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Vetiver

What is Vetiver?

Is vetiver the most amazing plant ever? In short, probably. Vetiver (Chrysopogon zizanioides) is a perennial clumping grass originally from India and is the worlds answer to the need for a cheap water and soil conservation solution. Each vetiver plant grows up to 150cm high and almost as wide. With its dense and very strong upright stalks vetiver comes into its own when grown as a hedge. As well as its very useful above ground attributes, vetiver has a hidden superpower. It has a three to four meter long fibrous and incredibly strong root system that grows straight down. Vetiver is the perfect plant for preventing erosion by retaining slopes, building terraces, slowing down water and building soil. It is used all over tropical and sub-tropical regions of the world for the purpose of preventing erosion. As if this wasn’t enough vetiver is also used in the treatment of waste water, as a building material and even as a perfume! Read on to find out how you can use vetiver on your homestead.

Vetiver Hedges Prevent Erosion

Vetiver used to stabalise a water body bank
Vetiver used to stabalise a water body bank. Image by M.Subramanian.
Vetiver prevents erosion when grown as a hedge on contour. The hedges are started with vetiver slips that are planted at 10cm centers. These slips are individual grass stalks with tops and roots that have usually been cut short ready for planting. This encourages strong root growth in the new slips.

Weed control is important while the hedge is getting going but once established vetiver is drought, flood and competition resistant. Each slip will eventually become a mature vetiver clump and so over time these hedges form a dense wall of vegetation that holds back water, organic matter and sediment. Hedges slowly increase in width (to about 1m depending on management) and last for generations. The only management required is to till or cut grass on the hedge edge once the desired hedge width has been achieved. On steep slopes multiple hedges may be required and growers should read one of the many engineering tech manuals such as this one from Thailand for hedge spacing in their unique application. A hot tip for getting hedges off to a great start is to lay the top prunings from the slips horizontally on the uphill side of the newly planted slips. This creates an immediate barrier and so your vetiver hedge will start conserving both water and soil from day one.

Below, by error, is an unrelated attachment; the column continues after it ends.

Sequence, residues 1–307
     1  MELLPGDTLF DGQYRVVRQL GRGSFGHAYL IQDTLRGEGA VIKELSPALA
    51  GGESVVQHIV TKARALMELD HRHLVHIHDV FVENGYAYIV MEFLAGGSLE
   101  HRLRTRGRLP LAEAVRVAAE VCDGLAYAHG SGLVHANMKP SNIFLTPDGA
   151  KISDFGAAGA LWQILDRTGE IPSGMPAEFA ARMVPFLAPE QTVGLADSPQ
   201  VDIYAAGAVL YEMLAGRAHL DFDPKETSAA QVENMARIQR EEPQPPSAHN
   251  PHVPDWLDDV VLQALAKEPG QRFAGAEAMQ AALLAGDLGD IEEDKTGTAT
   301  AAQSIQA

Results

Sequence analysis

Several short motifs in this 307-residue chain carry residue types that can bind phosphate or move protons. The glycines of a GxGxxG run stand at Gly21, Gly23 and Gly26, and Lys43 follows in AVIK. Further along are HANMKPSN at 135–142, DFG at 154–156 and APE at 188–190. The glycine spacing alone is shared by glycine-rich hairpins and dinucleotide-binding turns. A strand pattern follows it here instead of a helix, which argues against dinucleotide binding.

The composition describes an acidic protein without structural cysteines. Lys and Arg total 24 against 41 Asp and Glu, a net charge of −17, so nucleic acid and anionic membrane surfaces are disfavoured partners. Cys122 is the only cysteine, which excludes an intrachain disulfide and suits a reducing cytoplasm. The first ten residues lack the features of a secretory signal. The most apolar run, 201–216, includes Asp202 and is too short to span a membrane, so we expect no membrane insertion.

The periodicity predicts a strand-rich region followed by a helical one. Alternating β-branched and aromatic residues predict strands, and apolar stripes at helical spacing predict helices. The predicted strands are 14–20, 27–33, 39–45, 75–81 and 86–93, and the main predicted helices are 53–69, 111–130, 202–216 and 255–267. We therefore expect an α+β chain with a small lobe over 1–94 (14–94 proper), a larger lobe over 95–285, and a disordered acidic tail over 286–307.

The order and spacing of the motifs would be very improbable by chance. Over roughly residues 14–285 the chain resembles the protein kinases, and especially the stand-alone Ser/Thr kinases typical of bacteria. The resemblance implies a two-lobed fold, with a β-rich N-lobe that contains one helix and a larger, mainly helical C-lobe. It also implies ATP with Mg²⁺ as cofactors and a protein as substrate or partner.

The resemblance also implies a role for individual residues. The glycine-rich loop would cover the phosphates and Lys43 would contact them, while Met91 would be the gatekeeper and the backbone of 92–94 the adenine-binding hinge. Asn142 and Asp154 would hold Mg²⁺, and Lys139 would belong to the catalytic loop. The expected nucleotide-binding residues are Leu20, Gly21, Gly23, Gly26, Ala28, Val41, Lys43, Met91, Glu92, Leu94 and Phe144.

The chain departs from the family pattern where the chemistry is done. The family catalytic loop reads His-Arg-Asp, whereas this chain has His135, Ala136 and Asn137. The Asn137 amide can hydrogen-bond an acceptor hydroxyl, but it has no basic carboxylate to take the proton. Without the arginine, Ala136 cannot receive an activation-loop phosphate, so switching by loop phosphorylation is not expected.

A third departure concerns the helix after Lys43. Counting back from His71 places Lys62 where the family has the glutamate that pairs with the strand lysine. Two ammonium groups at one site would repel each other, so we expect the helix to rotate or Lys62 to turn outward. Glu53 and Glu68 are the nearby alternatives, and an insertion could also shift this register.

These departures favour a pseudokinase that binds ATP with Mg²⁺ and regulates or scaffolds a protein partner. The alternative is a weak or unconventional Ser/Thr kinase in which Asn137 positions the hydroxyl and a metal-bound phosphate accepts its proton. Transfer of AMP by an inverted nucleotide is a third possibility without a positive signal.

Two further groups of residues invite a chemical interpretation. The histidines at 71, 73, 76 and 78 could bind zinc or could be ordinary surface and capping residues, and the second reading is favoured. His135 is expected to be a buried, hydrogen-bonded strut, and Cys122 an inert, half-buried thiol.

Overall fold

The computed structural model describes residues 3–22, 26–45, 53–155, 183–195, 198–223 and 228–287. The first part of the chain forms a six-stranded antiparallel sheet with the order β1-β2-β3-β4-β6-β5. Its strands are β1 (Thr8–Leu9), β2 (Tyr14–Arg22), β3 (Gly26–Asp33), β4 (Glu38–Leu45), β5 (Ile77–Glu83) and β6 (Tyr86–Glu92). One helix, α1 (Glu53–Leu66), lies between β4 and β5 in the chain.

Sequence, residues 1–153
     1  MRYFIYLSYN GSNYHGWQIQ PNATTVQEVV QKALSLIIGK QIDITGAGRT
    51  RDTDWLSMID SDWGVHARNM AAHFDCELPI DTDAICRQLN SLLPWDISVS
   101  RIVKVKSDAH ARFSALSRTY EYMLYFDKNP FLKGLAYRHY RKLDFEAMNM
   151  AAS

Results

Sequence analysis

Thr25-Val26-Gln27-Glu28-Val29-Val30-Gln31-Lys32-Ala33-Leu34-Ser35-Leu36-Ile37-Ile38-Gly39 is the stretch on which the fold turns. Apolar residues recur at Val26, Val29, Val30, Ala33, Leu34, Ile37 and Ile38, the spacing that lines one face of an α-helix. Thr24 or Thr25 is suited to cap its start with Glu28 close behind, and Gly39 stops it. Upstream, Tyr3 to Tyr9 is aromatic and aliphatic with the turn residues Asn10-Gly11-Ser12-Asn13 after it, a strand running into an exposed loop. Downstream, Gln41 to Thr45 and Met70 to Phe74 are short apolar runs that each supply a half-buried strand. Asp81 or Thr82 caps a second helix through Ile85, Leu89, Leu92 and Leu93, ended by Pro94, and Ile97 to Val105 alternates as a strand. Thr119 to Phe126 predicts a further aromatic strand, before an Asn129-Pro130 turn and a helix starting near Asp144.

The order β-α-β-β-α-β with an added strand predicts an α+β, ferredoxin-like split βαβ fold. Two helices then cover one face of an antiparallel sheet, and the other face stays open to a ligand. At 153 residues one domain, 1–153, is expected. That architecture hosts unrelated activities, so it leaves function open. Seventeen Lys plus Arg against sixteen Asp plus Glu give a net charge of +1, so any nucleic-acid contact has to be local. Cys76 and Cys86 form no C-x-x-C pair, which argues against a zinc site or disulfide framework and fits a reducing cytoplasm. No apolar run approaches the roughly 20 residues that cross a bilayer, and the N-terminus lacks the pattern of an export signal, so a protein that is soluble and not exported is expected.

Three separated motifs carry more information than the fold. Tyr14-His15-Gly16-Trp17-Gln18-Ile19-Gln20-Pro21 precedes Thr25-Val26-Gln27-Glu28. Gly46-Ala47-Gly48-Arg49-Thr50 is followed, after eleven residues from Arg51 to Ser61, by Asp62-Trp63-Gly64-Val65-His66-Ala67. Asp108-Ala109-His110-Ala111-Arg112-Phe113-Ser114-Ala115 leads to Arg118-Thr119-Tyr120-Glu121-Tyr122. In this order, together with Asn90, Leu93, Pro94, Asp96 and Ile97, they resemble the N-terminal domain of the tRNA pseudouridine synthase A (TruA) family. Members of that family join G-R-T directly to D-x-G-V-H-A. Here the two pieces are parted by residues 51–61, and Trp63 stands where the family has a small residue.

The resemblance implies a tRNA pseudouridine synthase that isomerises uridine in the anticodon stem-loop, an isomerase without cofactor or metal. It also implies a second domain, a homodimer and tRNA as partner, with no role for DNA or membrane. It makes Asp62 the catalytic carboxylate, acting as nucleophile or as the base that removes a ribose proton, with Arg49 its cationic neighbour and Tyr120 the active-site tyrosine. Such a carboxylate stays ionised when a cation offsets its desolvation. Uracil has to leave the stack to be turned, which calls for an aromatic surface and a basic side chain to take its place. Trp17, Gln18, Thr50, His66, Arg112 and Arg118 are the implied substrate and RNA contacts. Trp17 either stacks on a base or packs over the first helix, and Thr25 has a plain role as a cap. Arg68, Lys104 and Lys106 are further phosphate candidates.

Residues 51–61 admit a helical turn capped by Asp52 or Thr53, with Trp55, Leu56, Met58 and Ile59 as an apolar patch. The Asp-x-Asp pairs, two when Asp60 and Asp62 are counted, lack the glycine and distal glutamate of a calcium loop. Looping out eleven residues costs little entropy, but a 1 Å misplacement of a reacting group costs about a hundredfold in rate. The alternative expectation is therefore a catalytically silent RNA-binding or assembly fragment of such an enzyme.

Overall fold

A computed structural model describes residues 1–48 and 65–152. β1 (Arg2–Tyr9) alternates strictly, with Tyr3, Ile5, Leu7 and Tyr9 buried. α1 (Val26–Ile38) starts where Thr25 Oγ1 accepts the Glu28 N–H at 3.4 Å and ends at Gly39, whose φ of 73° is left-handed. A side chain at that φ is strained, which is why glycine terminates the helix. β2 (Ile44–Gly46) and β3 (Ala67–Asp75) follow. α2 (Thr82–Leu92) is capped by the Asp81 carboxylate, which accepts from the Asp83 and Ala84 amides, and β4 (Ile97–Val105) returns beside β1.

Vetiver grass in Kenya
Members of the Nyawadhogwe community group planting vetiver grass in Kenya.

Vetiver Hedges are Self Levelling

Vetiver Prevents Erosion
Vetiver prevents erosion and builds terraces by catching sediment. The image shows two hedges and how they transform the landscape over time.
Vetiver hedges should be planted on contour so that they spread water and sediment evenly along the length of the hedge, in time creating a terrace. Hedges are self leveling to a degree though and so close enough is indeed good enough when choosing your planting lines. This is something that vetiver does very well and it is because the plant is able to send out roots from higher up its stalks when buried. This means that as the low part of a hedge fills with sediment, the plant simply re-roots higher up in the soil profile until the entire hedge is level.

I had read about this attribute early on but had no idea how useful it would be until discovering that my desired hedge line at Boobook Farm was not completely level. Within two years it was! I will give a disclaimer here. Vetiver is not going to make level ground out of your rocky hillside overnight. It is good but like any natural solution it takes time and if the technology is used inappropriately then results will disappoint.

Vetiver for Waste Water Management